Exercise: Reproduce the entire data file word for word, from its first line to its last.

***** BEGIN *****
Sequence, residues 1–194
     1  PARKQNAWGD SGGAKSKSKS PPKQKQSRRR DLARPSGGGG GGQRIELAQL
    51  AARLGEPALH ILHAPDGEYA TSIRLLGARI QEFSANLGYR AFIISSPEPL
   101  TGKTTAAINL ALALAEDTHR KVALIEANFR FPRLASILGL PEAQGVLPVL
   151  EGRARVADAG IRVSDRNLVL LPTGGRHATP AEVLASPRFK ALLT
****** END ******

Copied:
Sequence, residues 1–194
     1  PARKQNAWGD SGGAKSKSKS PPKQKQSRRR DLARPSGGGG GGQRIELAQL
    51  AARLGEPALH ILHAPDGEYA TSIRLLGARI QEFSANLGYR AFIISSPEPL
   101  TGKTTAAINL ALALAEDTHR KVALIEANFR FPRLASILGL PEAQGVLPVL
   151  EGRARVADAG IRVSDRNLVL LPTGGRHATP AEVLASPRFK ALLT